As we sit back and reflect on a busy day for the Washington Redskins on the second day of NFL free agency, we have to remember last season for a second. To put it plainly, the Washington Redskins had issues on both sides of the ball last season. Not only did they have headaches on each side in Donovan McNabb and Albert Haynesworth, but neither side wound up performing in year one of new systems. The offense under Kyle Shanahan could never stay on the field, while Jim Haslett's defense could never seem to get off it. At season's end, there were so many issues up and down the roster that most wondered where the Redskins would choose to upgrade their roster most once free agency started.
While the offense certainly struggled with quarterback that would eventually be shipped out of town, it was clear by the end of 2010 that the Redskins had to upgrade what wound up being the league's 31st-ranked unit. Last year's squad featured far more miscasts than fits, with a number of players asked to play positions they had never played before and finding themselves in positions that didn't take advantage of their strengths. Pair that with the fact that the unit's biggest weakness, nose tackle, just so happens to be the scheme's most critical position, and the Redskins found themselves with a bit of a problem to rectify.
So going into the offseason, it was clear that defense would and should be a priority. That process started with the drafting of Purdue defensive lineman Ryan Kerrigan to play outside linebacker, and later with second-rounder Jarvis Jenkins to play defensive end in the scheme. But even with the players they selected in the draft, there were still plenty of holes left to address.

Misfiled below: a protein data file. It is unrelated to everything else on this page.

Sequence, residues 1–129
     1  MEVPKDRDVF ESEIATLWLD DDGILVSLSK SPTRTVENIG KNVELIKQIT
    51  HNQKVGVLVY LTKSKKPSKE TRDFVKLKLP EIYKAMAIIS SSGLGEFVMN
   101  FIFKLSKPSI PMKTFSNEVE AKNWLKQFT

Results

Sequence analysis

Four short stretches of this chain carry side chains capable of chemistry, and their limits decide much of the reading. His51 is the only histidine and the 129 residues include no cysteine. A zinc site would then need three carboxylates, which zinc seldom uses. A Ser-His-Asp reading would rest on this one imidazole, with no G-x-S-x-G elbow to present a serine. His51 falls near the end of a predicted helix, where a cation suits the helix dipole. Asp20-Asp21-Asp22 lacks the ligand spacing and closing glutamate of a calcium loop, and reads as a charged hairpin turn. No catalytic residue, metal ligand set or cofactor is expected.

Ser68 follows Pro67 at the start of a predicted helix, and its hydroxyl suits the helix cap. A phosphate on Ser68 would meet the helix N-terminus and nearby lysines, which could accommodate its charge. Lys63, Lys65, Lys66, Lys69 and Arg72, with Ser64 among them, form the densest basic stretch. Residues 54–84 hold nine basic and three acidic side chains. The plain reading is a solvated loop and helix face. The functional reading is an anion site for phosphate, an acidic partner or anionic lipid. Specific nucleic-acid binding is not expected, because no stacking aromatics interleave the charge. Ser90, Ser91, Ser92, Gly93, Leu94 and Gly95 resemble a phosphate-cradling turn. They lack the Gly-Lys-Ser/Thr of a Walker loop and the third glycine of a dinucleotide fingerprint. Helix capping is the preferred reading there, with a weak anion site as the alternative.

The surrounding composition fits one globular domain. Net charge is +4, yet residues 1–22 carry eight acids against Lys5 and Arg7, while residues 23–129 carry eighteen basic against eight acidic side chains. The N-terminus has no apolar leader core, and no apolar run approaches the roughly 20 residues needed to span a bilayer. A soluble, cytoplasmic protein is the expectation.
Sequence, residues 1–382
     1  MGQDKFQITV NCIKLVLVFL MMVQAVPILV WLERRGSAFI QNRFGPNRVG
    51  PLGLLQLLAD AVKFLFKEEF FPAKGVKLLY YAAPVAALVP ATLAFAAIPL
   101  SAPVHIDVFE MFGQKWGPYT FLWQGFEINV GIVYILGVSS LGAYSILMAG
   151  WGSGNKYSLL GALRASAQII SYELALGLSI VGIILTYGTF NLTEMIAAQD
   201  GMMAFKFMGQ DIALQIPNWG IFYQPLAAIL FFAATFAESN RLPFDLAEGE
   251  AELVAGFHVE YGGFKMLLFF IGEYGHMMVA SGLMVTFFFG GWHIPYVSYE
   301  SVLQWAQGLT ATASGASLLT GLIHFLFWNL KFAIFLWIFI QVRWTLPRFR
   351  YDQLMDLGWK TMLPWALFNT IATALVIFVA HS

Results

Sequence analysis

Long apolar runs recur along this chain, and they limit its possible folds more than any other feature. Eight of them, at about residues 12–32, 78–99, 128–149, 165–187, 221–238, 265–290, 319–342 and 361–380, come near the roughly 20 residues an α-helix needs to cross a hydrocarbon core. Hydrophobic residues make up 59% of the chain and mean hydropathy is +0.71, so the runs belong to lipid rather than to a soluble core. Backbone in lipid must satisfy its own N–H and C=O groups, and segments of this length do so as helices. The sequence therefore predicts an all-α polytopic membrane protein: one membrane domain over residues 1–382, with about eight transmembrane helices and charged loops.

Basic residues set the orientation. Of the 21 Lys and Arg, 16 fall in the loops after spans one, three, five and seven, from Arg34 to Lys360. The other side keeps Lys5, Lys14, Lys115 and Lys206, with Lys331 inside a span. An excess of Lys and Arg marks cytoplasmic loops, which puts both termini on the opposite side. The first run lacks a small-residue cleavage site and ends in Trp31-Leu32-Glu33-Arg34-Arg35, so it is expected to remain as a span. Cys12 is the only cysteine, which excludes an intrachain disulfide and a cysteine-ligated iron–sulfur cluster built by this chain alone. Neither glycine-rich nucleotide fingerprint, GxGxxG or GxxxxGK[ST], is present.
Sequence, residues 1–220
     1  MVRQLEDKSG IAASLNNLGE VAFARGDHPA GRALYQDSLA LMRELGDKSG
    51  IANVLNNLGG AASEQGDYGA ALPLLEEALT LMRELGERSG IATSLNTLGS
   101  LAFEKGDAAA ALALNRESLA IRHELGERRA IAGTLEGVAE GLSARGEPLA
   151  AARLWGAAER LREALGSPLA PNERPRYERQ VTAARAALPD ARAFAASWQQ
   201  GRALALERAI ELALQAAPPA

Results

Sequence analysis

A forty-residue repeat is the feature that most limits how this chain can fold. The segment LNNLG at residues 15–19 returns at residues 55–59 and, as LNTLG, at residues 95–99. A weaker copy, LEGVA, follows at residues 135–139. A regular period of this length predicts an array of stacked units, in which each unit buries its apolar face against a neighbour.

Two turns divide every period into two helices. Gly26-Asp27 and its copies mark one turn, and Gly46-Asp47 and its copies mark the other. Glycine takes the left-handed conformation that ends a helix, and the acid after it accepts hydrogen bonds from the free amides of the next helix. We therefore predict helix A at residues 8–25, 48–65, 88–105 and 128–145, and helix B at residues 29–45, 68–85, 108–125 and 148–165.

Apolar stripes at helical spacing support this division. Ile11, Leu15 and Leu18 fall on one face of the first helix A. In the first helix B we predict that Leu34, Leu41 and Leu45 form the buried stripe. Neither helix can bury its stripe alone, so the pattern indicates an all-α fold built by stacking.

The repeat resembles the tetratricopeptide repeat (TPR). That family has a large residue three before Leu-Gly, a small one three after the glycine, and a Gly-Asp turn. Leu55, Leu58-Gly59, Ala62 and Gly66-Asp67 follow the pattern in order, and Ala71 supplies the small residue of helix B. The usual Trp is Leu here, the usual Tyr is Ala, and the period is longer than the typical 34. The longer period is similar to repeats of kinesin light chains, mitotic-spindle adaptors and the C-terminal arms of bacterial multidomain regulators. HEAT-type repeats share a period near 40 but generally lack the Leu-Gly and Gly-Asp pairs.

With the signing of Barry Cofield, the Redskins feel as though they have a player who's athletic skill set is good enough to play him at the nose, a position he hasn't played at the NFL level. Though Cofield may lack size (he only weighs in at just over 300 pounds), he appears to have the skill set that could eventually translate to success at the nose position.
The Redskins then added former Cowboy Stephen Bowen for what some believed to be a rather bloated five-year, $27.5 million dollar deal. What's interesting about this move is that it seems to be the opposite of how the team has historically dolled out contracts. Usually, they pay free agent veterans for the type of players they were, and simply hope they are able to maintain their level of play. With Bowen, a 27 year old 3-4 defensive end, they are paying him not for who he was in Dallas, but for what they believe he can be in Washington. Bowen played very well replacing Marcus Spears last season, and with a chance to be a starter, could prove to be a very prudent signing by the club.
Although the essence of the Redskins' struggles took place in the defensive front seven last year, they still had issues in the secondary that needed to be resolved. The free safety position was one that saw injuries and poor
tackling play lead to a number of big plays allowed in the passing game. The team addressed that prior to the lockout with the addition of Rams OJ Atogwe, a player who spent time with Haslett in St. Louis. Atogwe looks to be a major upgrade over incumbent Kareem Moore, and if true could be another big step towards shoring up the secondary.
The Redskins weren't done there, with the team signing former Terps and Ravens cornerback Josh Wilson to be a potential replacement for the inconsistent Carlos Rogers. Wilson again fits the mold of the type of player the team is seeking in free agency: younger, ascending players who weren't given the as much of a chance to shine at their previous spot.
Free agency is not even a week old, and yet the Redskins defense will come into 2011 vastly improved in such a short amount of time, with more moves expected to be on the horizon. The Redskins may still have issues winning games this year, but they seem intent to make sure it won't be because of their defense.